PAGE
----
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   TMyDataList<T: TBaseDatafile, constructor> = class(TObjectList<TBaseDatafile>)
      constructor Create;
      procedure upload(db: TDataSet);

I read in a blog post (I don't remember where now) that this is the way to declare a generic-based class with a specific base type for the generic object. And the compiler will accept it just fine. But when I try to use it, it decides not to cooperate.

   TDescendantList = TMyDataList<TDescendantDatafile>;

This gives me a compiler error.

[DCC Error] my_database.pas(1145): E2010 Incompatible types: 'TDescendantDatafile' and 'TBaseDatafile'

Thing is, 1145 isn't even a valid line. The file in question ends at #1142, and the type declaration that it's complaining about is on line #20. This makes me wonder if it's a compiler glitch. Or do I just not quite have the syntax right? Does anyone know a way to make this work?

EDIT: Jim pointed out that it compiles fine when he tried it. A bit more information: I have the base datafile type and the generic list declared in the same unit, while TDescendantDatafile is in a second unit and TDescendantList is defined in a third one. I've already found and reported one bug in D2009's compiler involving generics screwing up types across multiple units. This may be related. Can anyone confirm this?

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woah. delphi. kick ass. –  TheSoftwareJedi Dec 21 '08 at 17:41
Use C# and you'll have the right syntax intuitively :-P –  Mehrdad Afshari Dec 21 '08 at 18:03
Have you tried making a stripped-down test case? Perhaps something else about the code is obscuring the issue. –  Argalatyr Dec 21 '08 at 18:49
Mehrdad: I highly doubt that. Horribly unintuitive syntax at every turn is the primary reason why I avoid the entire C family whenever possible. –  Mason Wheeler Dec 21 '08 at 20:14
@Mason: As a Delphi developer, I find C# shares as much (or more) with Delphi pascal as with C. This may not be a big surprise considering the architect previously behind Delphi and now behind C#. So, I'm not convinced it makes sense to paint C# and C with the same brush. –  Argalatyr Dec 22 '08 at 1:00

2 Answers 2

The definition of TObjectList<> is:

TObjectList<T: class> = class(TList<T>)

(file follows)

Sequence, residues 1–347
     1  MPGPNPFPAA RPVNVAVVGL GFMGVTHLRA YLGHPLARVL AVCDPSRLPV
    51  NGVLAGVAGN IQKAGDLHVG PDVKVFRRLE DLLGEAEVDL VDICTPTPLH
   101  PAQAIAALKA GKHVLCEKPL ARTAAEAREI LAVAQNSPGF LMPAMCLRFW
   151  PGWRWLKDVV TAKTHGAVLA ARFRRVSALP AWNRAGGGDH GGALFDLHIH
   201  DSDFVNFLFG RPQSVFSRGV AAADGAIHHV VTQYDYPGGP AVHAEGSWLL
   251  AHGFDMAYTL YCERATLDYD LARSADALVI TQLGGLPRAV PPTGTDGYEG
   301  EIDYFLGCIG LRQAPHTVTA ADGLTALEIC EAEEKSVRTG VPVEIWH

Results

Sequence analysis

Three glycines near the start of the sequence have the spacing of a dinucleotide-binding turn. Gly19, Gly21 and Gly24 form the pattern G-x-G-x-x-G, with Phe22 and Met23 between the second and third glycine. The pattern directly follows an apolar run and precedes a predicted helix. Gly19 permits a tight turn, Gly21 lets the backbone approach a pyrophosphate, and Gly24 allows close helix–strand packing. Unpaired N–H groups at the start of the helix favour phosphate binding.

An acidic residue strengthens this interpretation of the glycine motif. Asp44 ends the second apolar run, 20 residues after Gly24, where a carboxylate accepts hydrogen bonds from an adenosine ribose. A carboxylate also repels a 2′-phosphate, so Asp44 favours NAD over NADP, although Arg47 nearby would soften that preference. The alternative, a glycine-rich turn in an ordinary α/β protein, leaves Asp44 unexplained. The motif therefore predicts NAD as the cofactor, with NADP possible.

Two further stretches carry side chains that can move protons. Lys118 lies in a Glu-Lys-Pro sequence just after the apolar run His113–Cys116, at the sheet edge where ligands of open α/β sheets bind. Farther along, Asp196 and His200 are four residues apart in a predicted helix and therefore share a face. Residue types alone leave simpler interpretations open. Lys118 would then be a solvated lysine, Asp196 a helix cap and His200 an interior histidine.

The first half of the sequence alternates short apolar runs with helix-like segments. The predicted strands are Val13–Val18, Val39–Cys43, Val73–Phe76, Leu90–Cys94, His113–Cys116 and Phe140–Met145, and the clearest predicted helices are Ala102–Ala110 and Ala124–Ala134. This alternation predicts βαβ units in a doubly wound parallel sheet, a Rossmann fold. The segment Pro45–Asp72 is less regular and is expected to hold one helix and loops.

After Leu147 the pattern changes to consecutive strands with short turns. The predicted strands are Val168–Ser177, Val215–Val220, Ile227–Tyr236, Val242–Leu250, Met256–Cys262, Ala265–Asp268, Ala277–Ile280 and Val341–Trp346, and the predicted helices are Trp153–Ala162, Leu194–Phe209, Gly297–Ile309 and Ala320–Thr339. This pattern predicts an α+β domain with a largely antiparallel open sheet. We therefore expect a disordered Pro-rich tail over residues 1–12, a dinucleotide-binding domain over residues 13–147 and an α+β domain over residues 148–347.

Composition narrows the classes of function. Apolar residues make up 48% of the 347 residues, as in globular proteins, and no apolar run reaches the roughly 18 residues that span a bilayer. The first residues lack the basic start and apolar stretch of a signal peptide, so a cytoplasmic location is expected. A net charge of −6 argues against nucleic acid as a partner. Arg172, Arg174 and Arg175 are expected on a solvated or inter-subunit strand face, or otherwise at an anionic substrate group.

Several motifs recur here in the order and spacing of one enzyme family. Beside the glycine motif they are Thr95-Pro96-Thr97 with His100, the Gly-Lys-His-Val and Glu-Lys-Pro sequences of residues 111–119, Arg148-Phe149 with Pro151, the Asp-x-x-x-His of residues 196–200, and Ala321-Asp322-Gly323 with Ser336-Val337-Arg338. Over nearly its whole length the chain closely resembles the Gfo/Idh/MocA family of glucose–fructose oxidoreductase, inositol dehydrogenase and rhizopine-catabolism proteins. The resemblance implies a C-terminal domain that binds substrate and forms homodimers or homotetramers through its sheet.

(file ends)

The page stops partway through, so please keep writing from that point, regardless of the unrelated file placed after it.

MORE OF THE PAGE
So you like to do something like:

TMyDataList<T: TBaseDatafile> = class(TObjectList<T>)

Unfortunately, that won't work. Luckily:

TMyDataList<T: class> = class(TObjectList<T>)

Works, but that is probably not what you want. Because it will not take advantage of the class type. I really think the class specifier is a bit strange here. (TObject should have avoided the problems). But that's no help for you.

Then again, the following works:

  TBaseDataFile = class

  TDescendantDatafile = class (TBaseDataFile)

  TMyDataList<T: TBaseDataFile> = class(TObjectList<TBaseDataFile>)
    constructor Create;

Are you sure TDescendantDataFile inherits from TBaseDataFile?

In the old days, (read turbo pascal) sometimes the line numbers where wrong because of invisible characters. But I don't think that is still valid.

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Your "working" example is almost exactly how I've got it set up. Problem is, I can't create any actual instances of the list with the type filled in. (And yes, I'm quite sure of the inheritance.) –  Mason Wheeler Dec 21 '08 at 20:13
If it is "almost" exactly like you have it set up, then make it exactly like it and see if that works. –  Jim McKeeth Dec 21 '08 at 20:51

When TDescendantDatafile descends from TBaseDataFile it works fine on my machine. Check your class hierarchy.

If I change the ancestor of TDescendantDatafile then I get that same error message, and it gives my the right line numbers. If you the compiler is giving you the wrong line numbers then close the project, reopen it and do a full build.

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The hierarchy is correct. Restarting and rebuilding didn't help. Hmm... try this: declare TMyDataList and TBaseDatafile in one unit, TDescendantDatafile in another, and TDescendantList in a third. I've already found one bug with Generics and multiple units. This could possibly be another one. –  Mason Wheeler Dec 21 '08 at 21:51

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